Kanelos has a distinguished background as an educator and administrator who has developed innovative programs. An ardent Shakespeare fan and scholar, he has authored and edited numerous books, articles, and essays on Shakespeare, including the “Shakespeare and the Stage” series, published by Rowman & Littlefield.

Kanelos holds a Ph.D. from the Committee on Social Thought at University of Chicago, a M.A. in Political Philosophy and Literature from the University Professors Program at Boston University, and a B.A. in English from Northwestern University.

John Carroll

John CarrollJohn Carroll is Professor Emeritus of Sociology at La Trobe University in Melbourne, Australia. He has degrees in mathematics, economics and sociology from the universities of Melbourne and Cambridge. His work focuses on culture, and its crucial role in the human search for meaning, with particular reference to the modern Western society.

His recent books include The Western Dreaming, Terror—a Meditation on the Meaning of September 11, The Wreck of Western Culture—Humanism Revisited, The Existential Jesus, Ego and Soul—the Modern West in Search of Meaning,  Greek Pilgrimage—In Search of the Foundations of the West, and Land of the Golden Cities—Australia’s Exceptional Prosperity and the Culture that Made It. John Carroll is also a frequent writer of essays and newspaper articles. He has recently published articles in the Saturday Australian on Cultural Masochism in the West, The Sopranos and Deadwood, Essendon Drugs Saga, Patriotism, Paris Turns In on Itself, Anguish is Exquisite for Wielders of 18C,  Why We Still Love Getting Married, The Birth of Meaning, and Denial of the Best of the West.

He delivered one of the Alfred Deakin Federation Lectures in 2001—a reflection on Australian culture titled ‘The Blessed Country’. He chaired the Panel reviewing the National Museum of Australia in 2003. Metaphysical Sociology, a book on his work, edited by Sara James, was published in 2018.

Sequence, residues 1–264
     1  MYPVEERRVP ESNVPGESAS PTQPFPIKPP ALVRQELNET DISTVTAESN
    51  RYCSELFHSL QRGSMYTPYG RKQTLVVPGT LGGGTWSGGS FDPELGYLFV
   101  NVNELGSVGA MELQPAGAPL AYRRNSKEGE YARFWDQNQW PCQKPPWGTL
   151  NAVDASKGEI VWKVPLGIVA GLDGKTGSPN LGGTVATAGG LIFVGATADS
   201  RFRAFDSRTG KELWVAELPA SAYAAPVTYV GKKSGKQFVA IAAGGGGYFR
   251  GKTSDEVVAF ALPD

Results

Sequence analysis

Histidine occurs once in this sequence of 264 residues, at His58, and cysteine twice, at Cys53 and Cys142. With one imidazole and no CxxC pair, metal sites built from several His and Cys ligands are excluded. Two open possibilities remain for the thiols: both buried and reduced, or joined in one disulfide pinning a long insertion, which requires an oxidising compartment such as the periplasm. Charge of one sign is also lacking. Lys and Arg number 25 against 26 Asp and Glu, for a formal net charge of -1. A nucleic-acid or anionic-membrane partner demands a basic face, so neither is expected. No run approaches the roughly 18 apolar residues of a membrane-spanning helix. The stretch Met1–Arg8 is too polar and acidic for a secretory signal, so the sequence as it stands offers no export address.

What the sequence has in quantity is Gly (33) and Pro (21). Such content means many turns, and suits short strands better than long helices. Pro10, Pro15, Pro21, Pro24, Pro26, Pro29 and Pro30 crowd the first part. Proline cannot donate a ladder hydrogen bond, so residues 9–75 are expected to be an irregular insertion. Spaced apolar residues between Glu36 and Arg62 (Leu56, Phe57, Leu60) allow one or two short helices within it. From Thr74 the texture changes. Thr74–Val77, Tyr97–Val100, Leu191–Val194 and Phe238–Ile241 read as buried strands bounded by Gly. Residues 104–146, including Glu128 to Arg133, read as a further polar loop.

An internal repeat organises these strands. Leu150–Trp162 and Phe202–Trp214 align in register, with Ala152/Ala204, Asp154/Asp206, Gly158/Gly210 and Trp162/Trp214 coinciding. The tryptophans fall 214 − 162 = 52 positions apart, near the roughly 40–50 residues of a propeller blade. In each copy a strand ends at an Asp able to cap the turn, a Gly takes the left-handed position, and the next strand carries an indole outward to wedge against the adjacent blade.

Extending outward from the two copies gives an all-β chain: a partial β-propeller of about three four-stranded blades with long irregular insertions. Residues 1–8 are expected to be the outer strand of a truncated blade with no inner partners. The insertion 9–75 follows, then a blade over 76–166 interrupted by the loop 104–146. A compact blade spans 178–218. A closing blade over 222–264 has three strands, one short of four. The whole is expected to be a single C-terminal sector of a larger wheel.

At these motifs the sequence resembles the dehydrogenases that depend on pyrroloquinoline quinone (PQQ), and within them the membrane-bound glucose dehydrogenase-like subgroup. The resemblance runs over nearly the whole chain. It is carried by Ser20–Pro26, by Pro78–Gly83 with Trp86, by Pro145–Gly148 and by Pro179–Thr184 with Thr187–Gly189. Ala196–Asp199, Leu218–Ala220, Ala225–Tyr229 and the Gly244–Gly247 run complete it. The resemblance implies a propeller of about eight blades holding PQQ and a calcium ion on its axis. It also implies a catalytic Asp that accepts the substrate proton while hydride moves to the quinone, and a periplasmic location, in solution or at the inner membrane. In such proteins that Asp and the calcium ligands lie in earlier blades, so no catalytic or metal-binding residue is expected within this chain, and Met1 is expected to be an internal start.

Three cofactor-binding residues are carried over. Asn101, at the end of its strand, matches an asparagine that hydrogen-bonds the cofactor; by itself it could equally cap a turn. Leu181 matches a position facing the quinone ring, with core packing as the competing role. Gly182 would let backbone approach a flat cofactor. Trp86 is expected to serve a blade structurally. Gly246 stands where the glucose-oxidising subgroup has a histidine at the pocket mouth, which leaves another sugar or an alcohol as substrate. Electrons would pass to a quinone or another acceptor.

David Malouf

David MaloufDavid Malouf is an Australian writer. He is widely recognized as one of Australia’s greatest writers. He was awarded the Neustadt International Prize for Literature in 2000, his 1993 novel Remembering Babylon won the International Dublin Literary Award in 1996, he won the inaugural Australia-Asia Literary Award in 2008, and he was shortlisted for the Booker Prize. In 2016, he received the Australia Council Award for Lifetime Achievement in Literature.

Professor Geoffrey Blainey

Geoffrey BlaineyProfessor Geoffrey Blainey is one of Australia’s most prolific and popular historians. He has written more than forty books, including The Tyranny of Distance, Triumph of the Nomads, A Shorter History of Australia, The Rush That Never Ended, and the international bestseller A Short History of the World, which was published in a score of lands as far apart as Brazil, India, Spain and China. He has served the federal government as chairman of the Commonwealth Literary Fund, the Australia Council for the Arts, the National Council for the Centenary of Federation, and the Australia–China Council.

At the United Nations in New York, in 1988, Professor Blainey received the celebrated Britannica Prize ‘for excellence in the dissemination of knowledge for the benefit of mankind’. A recipient of Australia’s highest honour, Companion in the Order of Australia (AC), he has been officially listed for two decades by the National Trust as a ‘National Living Treasure’. He is married to the well-known biographer Ann Blainey.